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Christ's Passion Reveals Glory of the Trinity

by Pope John Paul II

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    Document Information

  • Description:
    The Holy Father's General Audience Address of May 3, 2000 in which he continues his catechesis on the Holy Trinity—the seventh in a series.
  • Larger Work:
    L'Osservatore Romano
  • Pages: 11
  • Publisher & Date:
    Vatican, May 10, 2000

1. At the end of the Gospel account of Christ's death, the voice of the Roman centurion rings out, anticipating the Church's profession of faith:  "Truly this man was the Son of God" (Mk 15:39). During the last hours of Jesus' earthly life, the supreme manifestation of the Trinity takes place in darkness. The Gospel account of Christ's passion and death records that his intimate relationship with the heavenly Father continues even in the abyss of pain.

Everything begins on the evening of the Last Supper inside the quiet walls of the Upper Room where, however, the shadow of betrayal already looms. John has preserved for us those farewell discourses which wonderfully stress the deep bond and reciprocal immanence between Jesus and the Father:  "If you had known me, you would have known my Father also.... He who has seen me has seen the Father.... The words that I say to you I do not speak on my own authority; but the Father who dwells in me does his works. Believe me that I am in the Father and the Father in me" (Jn 14:7, 9-11).

In saying this, Jesus is repeating the words he had spoken a little earlier when he declared concisely:  "I and the Father are one.... the Father is in me and I am in the Father" (Jn 10:30, 38). And in the prayer that seals the discourses in the Upper Room, he addresses the Father in contemplation of his glory, saying:  "Holy Father, keep them in your name, which you have given me, that they may be one, even as we are one" (Jn 17:11). With this perfect trust in the Father, Jesus prepares to make his supreme act of love (cf. Jn 13:1).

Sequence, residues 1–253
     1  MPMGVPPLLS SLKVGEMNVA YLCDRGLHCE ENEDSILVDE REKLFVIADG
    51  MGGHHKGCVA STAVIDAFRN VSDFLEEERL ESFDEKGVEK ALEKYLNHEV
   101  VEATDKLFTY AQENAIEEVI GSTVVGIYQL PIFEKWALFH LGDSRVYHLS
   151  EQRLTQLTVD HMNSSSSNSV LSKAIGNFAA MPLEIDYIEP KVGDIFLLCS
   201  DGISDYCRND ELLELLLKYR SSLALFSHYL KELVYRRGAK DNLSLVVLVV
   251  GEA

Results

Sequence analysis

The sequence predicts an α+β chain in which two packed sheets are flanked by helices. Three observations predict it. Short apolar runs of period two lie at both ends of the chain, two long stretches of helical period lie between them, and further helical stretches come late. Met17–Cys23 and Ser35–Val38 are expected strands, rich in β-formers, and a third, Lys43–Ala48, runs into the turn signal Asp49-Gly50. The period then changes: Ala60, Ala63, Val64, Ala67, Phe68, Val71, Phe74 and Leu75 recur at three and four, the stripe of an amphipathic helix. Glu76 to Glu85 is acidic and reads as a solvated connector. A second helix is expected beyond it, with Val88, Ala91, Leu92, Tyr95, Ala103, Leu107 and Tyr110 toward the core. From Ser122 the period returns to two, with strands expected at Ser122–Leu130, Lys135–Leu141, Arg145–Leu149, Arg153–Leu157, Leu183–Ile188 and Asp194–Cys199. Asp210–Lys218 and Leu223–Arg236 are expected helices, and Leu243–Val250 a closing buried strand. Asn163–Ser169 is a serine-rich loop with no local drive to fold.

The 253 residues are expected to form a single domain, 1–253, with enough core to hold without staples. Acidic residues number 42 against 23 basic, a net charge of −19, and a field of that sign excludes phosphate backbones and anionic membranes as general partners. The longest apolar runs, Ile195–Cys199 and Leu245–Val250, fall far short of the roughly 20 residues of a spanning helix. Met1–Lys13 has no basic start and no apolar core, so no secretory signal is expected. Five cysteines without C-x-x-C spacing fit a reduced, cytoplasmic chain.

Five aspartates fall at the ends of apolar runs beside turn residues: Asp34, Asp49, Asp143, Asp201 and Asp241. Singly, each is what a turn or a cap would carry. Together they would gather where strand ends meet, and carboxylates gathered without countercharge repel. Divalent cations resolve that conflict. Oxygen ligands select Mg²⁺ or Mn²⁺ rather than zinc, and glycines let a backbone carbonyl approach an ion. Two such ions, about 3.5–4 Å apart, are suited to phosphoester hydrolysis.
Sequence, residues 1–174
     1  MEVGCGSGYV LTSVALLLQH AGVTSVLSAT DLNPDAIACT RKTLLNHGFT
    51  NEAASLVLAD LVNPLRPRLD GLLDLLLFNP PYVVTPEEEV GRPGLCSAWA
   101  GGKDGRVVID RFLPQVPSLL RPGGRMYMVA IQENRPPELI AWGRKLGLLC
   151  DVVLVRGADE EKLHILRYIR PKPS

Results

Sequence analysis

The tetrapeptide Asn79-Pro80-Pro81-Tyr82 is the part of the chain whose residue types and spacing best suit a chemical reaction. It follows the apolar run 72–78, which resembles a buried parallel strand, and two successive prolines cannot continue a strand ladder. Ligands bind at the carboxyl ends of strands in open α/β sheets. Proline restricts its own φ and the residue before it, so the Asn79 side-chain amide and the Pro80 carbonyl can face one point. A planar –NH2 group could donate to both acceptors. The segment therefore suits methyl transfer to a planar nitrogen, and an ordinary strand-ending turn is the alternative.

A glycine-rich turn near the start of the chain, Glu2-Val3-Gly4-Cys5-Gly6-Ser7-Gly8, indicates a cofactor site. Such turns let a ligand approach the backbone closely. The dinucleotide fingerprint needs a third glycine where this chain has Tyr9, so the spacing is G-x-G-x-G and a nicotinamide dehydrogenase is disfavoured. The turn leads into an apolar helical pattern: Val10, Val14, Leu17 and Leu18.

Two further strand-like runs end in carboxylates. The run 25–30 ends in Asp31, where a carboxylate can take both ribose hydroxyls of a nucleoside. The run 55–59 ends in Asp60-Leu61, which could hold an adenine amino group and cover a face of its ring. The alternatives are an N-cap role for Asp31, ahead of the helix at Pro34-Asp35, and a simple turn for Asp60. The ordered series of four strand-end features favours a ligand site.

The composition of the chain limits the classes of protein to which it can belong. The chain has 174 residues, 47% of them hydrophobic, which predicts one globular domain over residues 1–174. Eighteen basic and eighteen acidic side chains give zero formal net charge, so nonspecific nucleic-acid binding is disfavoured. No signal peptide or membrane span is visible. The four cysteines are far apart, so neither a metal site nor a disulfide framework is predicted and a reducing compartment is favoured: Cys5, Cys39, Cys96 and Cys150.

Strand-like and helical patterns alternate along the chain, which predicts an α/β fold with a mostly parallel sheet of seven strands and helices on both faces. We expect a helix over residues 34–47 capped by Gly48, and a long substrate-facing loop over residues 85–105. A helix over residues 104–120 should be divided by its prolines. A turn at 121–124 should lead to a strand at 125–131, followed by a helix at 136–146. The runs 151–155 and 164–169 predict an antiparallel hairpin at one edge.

Passion is revelation of divine and messianic glory

2. In the passion the bond that unites him to the Father is manifested in a particularly intense and, at the same time, dramatic way. The Son of God lives his humanity to the full, penetrating the obscurity of suffering and death that are part of our human condition. In Gethsemane, during a prayer similar to a struggle, an "agony", Jesus addresses the Father with an Aramaic term expressing filial intimacy:  "Abba, Father! All things are possible to you; remove this cup from me; yet not what I will, but what you will" (Mk 14:36).

Shortly afterwards, when human hostility is unleashed against him, he reminds Peter that this hour of darkness is part of the Father's divine plan:  "Do you think that I cannot appeal to my Father, and he will at once send me more than twelve legions of angels? But how then should the Scriptures be fulfilled, that it must be so?" (Mt 26:53-54).

3. At his trial the dialogue with the high priest is also transformed into a revelation of the messianic and divine glory that surrounds the Son of God. "The high priest said to him, "I adjure you by the living God, tell us if you are the Christ, the Son of God'. Jesus said to him, "You have said so. But I tell you, hereafter you will see the Son of man seated at the right hand of Power, and coming on the clouds of heaven'" (Mt 26:63-64).